Saturday, February 23, 2008

Punishing the plagiarizers and falsifiers

The Chiranjeevi case has been picked up by Indian newspapers.

Sidebar: Here's one more! A couple of weeks ago, Sourangshu Mukhopadhyay, a physics professor at Burdwan University, was accused of plagiarism by Ajoy Ghatak, a professor at IIT-D.

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So, what has Sri Venkateswara University done about Chiranjeevi after determining that he was, in fact, guilty of such serious offences? The Hindu's Gopal Raj reports:

Registrar of the university Y. Venkatarami Reddy told The Hindu that disciplinary action had been taken against Professor Chiranjeevi on the basis of a report from a three-member enquiry commission appointed by the university.

The university’s Executive Council, in September, 2007, banned him from undertaking examination work and research guidance. He was also debarred from securing further promotions as well as being appointed to administrative positions in the university. Students doing M.Phil and Ph.D. under his guidance would be transferred to other guides, Dr. Reddy said.

I think Rahul has the best description of this non-punishment:

Apparently the university is sufficiently concerned to slap the professor concerned severely on the wrist.

Within the past 24 hours, two news reports passed through my Google Reader, and they say something about how plagiarizers have been treated by their universities, both of which are in the US. [Now, Chiranjeevi has been accused of a lot more than plagiarism; I will return to this point below]. The first one is about a professor at Ohio University:

Earlier this month, Roderick J. McDavis, Ohio’s president, for the first time in the institution’s history rescinded the title of “distinguished professor,” a high academic honor that had been given to engineering professor Jay S. Gunasekera years earlier for his research, teaching and service.

Gunasekera is at the center of the controversy, the subject of charges that he both plagiarized a graduate student’s work in a published book, and failed to adequately monitor graduate students who went on to copy others’ material in theses they submitted under his watch. ...

Gunasekera was chair of the department at the time the allegations surfaced. He was removed from that position, and also had a named professorship taken away. This year, he’s on assignment and not teaching or advising students.

The second one is a professor at Columbia University's Teachers College:

Columbia University’s Teachers College will not dismiss Madonna G. Constantine, the professor it charged with plagiarizing numerous works by another professor and two former students.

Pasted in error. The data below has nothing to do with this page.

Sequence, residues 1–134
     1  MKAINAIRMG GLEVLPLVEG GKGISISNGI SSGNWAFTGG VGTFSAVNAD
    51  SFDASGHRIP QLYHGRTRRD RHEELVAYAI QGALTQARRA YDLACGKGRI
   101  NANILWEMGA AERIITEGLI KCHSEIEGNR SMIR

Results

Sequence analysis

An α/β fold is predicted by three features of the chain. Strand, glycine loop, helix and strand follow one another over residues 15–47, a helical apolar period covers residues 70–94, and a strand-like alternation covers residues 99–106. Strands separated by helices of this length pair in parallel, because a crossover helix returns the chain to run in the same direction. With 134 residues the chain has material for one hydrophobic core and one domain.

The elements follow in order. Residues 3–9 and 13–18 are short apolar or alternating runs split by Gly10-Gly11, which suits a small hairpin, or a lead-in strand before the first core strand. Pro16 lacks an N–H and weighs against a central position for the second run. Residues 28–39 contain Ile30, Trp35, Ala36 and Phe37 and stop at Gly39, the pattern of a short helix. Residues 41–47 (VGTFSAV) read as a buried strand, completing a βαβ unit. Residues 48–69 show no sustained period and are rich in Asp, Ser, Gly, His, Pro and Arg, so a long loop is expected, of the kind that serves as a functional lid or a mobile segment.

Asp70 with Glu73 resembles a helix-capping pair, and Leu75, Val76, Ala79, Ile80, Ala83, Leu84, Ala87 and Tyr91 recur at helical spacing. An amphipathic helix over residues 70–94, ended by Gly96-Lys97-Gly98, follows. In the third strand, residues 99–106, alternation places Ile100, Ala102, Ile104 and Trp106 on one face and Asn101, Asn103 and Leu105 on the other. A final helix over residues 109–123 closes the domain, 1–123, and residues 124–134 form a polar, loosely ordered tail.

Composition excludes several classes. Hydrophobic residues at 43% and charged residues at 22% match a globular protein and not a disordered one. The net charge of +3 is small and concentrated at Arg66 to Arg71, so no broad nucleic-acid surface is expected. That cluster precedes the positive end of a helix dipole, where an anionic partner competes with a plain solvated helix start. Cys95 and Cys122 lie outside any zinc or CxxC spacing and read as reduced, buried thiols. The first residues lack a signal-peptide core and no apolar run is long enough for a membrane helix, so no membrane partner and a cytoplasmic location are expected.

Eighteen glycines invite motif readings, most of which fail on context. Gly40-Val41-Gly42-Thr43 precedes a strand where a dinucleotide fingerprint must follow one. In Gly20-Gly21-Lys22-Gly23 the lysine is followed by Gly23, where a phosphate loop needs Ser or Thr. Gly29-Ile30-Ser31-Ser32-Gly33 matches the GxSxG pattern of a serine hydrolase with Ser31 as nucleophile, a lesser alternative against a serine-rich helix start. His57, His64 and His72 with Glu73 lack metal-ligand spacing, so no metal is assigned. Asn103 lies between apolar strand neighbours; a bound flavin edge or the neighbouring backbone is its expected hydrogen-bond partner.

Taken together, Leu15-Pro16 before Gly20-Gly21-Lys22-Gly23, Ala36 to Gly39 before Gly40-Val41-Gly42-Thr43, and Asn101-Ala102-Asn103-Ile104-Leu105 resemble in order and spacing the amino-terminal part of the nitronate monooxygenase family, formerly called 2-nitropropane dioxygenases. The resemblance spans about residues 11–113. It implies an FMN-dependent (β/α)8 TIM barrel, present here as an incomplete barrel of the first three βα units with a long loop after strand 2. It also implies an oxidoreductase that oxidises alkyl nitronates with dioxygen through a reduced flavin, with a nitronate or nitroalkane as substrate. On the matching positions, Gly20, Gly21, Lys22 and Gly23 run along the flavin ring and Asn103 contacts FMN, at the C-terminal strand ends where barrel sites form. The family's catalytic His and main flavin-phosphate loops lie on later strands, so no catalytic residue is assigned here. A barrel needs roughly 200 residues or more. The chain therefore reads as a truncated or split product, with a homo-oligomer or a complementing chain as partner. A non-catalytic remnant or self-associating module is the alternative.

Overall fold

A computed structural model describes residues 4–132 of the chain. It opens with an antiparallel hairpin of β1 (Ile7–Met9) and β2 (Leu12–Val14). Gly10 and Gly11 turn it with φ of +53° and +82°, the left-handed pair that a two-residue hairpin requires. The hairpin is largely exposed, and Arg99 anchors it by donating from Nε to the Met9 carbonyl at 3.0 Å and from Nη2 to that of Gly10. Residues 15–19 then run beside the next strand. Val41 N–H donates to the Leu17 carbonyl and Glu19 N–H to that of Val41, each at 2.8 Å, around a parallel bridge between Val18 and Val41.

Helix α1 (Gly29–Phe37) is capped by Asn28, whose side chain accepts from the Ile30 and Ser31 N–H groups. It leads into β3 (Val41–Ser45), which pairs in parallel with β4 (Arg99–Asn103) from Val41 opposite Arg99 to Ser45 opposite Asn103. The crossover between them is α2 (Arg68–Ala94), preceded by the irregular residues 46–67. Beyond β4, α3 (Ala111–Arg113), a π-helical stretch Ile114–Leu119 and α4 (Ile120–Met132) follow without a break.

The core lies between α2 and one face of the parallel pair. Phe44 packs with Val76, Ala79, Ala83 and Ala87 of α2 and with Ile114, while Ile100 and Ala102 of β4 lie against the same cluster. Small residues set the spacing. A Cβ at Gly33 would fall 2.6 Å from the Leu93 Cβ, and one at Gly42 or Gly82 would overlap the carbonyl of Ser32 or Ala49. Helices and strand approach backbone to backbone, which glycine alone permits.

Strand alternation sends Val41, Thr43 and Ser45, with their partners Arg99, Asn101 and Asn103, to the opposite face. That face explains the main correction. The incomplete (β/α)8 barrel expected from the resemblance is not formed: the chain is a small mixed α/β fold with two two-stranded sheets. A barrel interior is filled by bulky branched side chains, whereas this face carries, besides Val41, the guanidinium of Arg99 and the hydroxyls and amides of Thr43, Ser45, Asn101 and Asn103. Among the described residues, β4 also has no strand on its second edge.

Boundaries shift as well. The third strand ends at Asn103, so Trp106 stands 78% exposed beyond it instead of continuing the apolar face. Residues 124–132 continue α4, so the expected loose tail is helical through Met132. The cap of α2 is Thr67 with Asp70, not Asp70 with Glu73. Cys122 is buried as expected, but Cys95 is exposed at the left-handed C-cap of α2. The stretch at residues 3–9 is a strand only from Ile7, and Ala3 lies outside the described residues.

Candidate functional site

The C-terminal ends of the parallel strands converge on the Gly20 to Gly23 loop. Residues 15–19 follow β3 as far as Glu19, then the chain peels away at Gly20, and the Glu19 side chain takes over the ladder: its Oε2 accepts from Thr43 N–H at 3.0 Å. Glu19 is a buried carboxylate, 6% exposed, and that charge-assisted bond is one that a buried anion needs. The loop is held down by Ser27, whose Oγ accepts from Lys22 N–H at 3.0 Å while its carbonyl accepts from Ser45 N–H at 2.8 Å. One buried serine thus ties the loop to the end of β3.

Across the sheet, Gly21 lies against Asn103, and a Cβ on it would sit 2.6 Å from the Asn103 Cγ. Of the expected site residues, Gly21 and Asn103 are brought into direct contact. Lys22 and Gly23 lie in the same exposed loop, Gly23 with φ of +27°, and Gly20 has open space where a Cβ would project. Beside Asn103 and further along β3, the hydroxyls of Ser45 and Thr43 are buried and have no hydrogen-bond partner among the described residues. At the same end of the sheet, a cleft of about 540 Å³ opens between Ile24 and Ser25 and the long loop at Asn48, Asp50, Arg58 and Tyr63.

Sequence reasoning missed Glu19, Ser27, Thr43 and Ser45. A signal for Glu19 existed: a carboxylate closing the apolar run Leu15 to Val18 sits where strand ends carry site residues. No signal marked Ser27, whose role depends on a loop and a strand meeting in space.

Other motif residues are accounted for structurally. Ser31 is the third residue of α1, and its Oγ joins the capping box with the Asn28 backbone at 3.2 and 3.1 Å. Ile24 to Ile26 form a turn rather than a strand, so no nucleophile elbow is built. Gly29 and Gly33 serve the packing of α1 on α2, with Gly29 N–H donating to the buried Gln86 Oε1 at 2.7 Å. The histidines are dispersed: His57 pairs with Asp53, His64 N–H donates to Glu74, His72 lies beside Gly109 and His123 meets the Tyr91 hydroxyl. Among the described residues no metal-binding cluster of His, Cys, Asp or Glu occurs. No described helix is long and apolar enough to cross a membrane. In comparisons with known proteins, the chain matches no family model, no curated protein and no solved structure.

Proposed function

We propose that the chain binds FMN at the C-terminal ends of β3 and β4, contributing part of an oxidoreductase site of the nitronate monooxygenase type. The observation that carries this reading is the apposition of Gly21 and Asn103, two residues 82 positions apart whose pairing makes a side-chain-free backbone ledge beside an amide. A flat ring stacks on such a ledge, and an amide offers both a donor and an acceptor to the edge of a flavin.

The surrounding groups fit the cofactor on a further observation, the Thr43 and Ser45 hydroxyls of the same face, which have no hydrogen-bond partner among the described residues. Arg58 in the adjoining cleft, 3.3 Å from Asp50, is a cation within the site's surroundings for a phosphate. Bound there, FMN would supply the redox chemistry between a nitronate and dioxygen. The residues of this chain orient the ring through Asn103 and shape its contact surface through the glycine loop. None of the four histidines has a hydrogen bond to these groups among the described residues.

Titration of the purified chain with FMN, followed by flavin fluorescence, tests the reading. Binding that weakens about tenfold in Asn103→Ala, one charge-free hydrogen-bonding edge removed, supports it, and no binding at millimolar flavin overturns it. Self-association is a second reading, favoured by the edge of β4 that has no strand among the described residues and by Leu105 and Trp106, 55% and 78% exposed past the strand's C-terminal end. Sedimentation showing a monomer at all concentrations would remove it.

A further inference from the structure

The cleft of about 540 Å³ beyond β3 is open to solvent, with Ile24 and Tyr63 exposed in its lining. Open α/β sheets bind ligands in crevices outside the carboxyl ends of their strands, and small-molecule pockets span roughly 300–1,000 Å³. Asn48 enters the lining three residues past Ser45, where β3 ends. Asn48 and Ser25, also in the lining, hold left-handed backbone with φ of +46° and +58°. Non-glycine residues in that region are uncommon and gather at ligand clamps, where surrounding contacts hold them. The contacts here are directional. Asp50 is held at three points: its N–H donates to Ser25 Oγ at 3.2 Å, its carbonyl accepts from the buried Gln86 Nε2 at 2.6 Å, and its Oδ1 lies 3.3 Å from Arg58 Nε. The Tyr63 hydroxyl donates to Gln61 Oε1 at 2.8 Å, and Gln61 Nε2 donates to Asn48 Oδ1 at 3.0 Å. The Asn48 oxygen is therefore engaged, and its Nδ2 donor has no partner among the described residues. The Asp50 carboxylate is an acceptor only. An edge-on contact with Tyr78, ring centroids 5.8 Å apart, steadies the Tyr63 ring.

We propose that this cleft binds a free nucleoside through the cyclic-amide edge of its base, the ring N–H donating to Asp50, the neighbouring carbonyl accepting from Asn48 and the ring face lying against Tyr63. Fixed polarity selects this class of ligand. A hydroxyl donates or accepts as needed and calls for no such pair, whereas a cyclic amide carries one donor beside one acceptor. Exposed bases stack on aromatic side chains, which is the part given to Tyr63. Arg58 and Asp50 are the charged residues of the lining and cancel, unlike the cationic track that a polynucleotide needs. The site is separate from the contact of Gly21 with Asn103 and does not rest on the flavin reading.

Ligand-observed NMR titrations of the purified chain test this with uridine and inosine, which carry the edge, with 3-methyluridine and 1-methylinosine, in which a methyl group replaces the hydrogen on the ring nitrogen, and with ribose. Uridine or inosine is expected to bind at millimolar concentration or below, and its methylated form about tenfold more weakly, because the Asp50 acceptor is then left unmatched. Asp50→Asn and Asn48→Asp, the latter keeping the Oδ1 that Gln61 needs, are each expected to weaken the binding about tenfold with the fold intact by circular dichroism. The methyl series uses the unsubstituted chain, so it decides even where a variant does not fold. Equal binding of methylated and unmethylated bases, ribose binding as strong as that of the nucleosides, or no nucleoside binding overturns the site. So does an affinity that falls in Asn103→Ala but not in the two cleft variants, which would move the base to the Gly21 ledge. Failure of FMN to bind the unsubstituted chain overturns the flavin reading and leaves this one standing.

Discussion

The college said on Wednesday that it had penalized her, but declined to discuss how. But on Thursday, Marcia Horowitz, a spokeswoman for the college, said the action stopped short of Dr. Constantine’s firing.

So, plagiarizers don't lose their jobs; they receive a public reprimand, and perhaps a demotion. But, as I said, Chiranjeevi has been accused of other crimes that are a lot more serious than plagiarism: fabrication and falsification. How are fabricators and falsifiers punished elsewhere? Again, some examples are useful.

At the University of Wisconsin at Madison, Elizabeth Goodwin resigned (while maintaining her innocence; she was accused of falsification of data). A professor at the University of Vermont went to jail for using falsified data in a grant application. And we all know what happened to Jan Hendrik Schön and Hwang Woo Suk, don't we?

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All of this brings me back to the one person who has remained untouched by any official, public reprimand by any of the organizations -- including the Science Academies -- he belonged to when he committed plagiarism: R. A. Mashelkar. In case you are wondering, it has been nearly a year since this scandal broke.



  1. Dilip Rao said...

    The government itself sets a bad example. You should read Planning Commission reports. Some of their material is plagiarized from working papers and reports from international institutions such as the World Bank. I am not sure these are inadvertent omissions or deliberately done to avoid criticism - after all, the government may not want to be accused of toeing the World Bank's line especially with the Communists supporting the government.